After Yangon and Bagan, dusty Mandalay is a popular stop on the backpacker trail through Myanmar. Spread out over several miles, it acts as commercial heart of the North. However, the city itself has only few ‘highlights’, if any. Two full days in the city should be more than enough.
The reconstructed Mandalay Palace is barely worth a visit. Today, most of the vast walled square is a restricted military area and hence off-limits to foreigners. If you decide to pay the hefty 10$ entrance fee, head directly to the watch tower for a cool breeze and an overview of the compound.
Those looking for panoramic views and romantic sunsets should head to Mandalay Hill, a lone elevation north of Royal Palace. To avoid a sweaty climb, I opted for a bike ride to the top (1.500 Kyat). Although entrance is supposed to be free, they impose a 1.000MMK ‘camera fee’ on foreigners. If you only carry an iPhone, ignore the signs and walk past the counter, you’re unlikely to get stopped.
Quieter monastic districts can be found further west towards the Ayeyarwady River. This is a great spot to just sit back and people-watch. Locals are very eager to practise their English.
The ancient cities of Sagaing, Amarapura and Inwa
On my second day in Manadalay, I teamed up with two Dutch girls from the guesthouse and rented a taxi for the day. We were headed for the ‘Ancient Cities’ tour, which is the main reason for a stopover in Mandalay. The three cities are all within a span of 30km and make for a good day trip.
Inwa, an island along the Ayeyarwady River, was the Burmese capital from 1364 to 1841 with several breaks in between. After a short boat ride over the river, we climbed into a horse cart for a two hour circle tour (8000MMK / cart) over deserted dirt roads and along small farms and villages. There is not much left to see: Nanymin – the old watch tower, a couple of monasteries, and a few pieces of the old city walls are about it.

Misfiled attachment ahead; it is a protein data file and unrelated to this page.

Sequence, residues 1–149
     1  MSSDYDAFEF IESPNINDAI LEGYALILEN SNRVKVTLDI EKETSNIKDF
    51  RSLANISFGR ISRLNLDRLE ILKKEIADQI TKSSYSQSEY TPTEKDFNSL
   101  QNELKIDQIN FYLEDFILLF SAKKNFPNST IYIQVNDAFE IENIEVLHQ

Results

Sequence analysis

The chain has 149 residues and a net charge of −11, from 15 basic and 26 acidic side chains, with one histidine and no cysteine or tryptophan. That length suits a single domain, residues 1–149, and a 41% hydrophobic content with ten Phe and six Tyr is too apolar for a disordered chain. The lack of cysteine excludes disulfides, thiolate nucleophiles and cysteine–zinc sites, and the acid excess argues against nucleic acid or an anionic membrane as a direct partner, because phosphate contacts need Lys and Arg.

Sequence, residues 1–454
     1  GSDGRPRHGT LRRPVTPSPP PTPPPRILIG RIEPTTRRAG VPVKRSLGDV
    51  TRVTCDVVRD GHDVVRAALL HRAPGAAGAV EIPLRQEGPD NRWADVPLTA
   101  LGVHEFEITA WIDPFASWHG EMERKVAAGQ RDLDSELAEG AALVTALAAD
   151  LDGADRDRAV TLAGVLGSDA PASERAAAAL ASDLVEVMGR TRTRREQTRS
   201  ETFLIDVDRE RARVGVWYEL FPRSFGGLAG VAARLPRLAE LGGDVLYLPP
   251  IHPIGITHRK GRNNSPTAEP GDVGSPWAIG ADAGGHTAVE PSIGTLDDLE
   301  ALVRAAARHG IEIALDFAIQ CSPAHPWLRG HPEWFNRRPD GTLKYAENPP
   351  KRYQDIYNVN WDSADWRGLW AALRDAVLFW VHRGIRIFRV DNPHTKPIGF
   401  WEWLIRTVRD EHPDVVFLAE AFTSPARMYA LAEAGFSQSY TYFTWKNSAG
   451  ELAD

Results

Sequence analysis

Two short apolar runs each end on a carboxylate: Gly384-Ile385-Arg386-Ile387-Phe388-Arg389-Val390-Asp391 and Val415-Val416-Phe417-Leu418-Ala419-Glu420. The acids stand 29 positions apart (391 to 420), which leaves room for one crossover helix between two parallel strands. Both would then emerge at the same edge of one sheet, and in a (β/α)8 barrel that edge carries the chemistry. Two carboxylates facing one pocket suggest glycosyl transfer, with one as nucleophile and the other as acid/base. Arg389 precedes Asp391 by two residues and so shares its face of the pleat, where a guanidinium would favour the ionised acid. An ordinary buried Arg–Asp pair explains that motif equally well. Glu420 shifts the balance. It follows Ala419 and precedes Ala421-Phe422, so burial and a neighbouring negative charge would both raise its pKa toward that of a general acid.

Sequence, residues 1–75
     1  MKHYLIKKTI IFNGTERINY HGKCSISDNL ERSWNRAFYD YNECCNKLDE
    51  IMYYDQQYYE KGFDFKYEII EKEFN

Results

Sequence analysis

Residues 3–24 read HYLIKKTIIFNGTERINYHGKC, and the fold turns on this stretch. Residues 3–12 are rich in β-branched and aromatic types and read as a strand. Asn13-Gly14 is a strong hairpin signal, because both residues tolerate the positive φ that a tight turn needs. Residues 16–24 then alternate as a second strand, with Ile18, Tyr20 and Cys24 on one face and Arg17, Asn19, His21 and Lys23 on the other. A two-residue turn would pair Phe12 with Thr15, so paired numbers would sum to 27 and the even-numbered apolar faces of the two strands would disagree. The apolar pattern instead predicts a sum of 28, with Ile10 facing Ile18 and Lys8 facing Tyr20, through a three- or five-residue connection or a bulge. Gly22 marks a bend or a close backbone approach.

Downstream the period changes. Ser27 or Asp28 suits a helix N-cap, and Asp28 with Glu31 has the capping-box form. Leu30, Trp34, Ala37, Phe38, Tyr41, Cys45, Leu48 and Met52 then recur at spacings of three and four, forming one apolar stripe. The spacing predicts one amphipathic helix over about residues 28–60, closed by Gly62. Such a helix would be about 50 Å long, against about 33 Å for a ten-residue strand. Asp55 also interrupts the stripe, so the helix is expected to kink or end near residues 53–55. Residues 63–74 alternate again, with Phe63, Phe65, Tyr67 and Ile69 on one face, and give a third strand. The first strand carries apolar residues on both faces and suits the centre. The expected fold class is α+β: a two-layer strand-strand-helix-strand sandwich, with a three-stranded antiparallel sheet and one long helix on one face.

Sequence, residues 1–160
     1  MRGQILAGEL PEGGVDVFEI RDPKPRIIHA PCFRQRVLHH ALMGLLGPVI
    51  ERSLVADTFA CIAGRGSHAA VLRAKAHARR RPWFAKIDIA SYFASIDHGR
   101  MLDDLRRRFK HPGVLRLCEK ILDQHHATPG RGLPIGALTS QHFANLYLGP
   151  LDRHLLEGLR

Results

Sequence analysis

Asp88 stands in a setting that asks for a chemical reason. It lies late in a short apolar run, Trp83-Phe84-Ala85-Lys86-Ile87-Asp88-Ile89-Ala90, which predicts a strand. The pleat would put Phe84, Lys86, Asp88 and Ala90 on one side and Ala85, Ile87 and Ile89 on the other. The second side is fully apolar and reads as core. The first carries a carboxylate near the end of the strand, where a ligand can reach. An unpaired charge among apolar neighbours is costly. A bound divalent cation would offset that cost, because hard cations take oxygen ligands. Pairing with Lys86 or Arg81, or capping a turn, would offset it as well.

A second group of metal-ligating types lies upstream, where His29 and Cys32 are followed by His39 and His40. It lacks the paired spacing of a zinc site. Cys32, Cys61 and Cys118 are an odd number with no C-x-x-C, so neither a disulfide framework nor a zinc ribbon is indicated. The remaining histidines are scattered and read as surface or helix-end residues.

Next stop: Sagaing, has more to offer, but only if you haven’t yet grown weary of pagodas. A walk up Sagaing Hill is the main attraction. Nice views over the lush, green town, and hundreds of scattered pagodas.
We finished off the day with a walk along U Bein’s Bridge, a 1.2 km-long teak wood bridge, which made for a very enjoyable break from all the pagodas. There are many shaded rest areas, food vendors, and chatty locals. Arrive late for the famous sunset boat ride along the bridge.
Life as a novice
Half of Burma’s monks live in or around Mandalay. Hence, the most interesting part of the tour was a visit to Amarapura’s largest monastery: Mahagandayon.
Modern residences lining up on both sides of the street house up to a 3000 monks and novices at any given time. Surprisingly, foreigners are allowed to walk around freely and observe the daily routines of the red robed men. You’re likely to see boys shaving their heads, doing their laundry or studying for upcoming exams.
Around 10.15 am, monks start to line up in two queues for the only meal of the day. As the bell rings, the men start marching silently into the huge multi-floor food hall, carrying only a towel and their personal ration of alms.
Stay: Yoe Yoe Lay Guesthouse
Next: Meet the Palaungs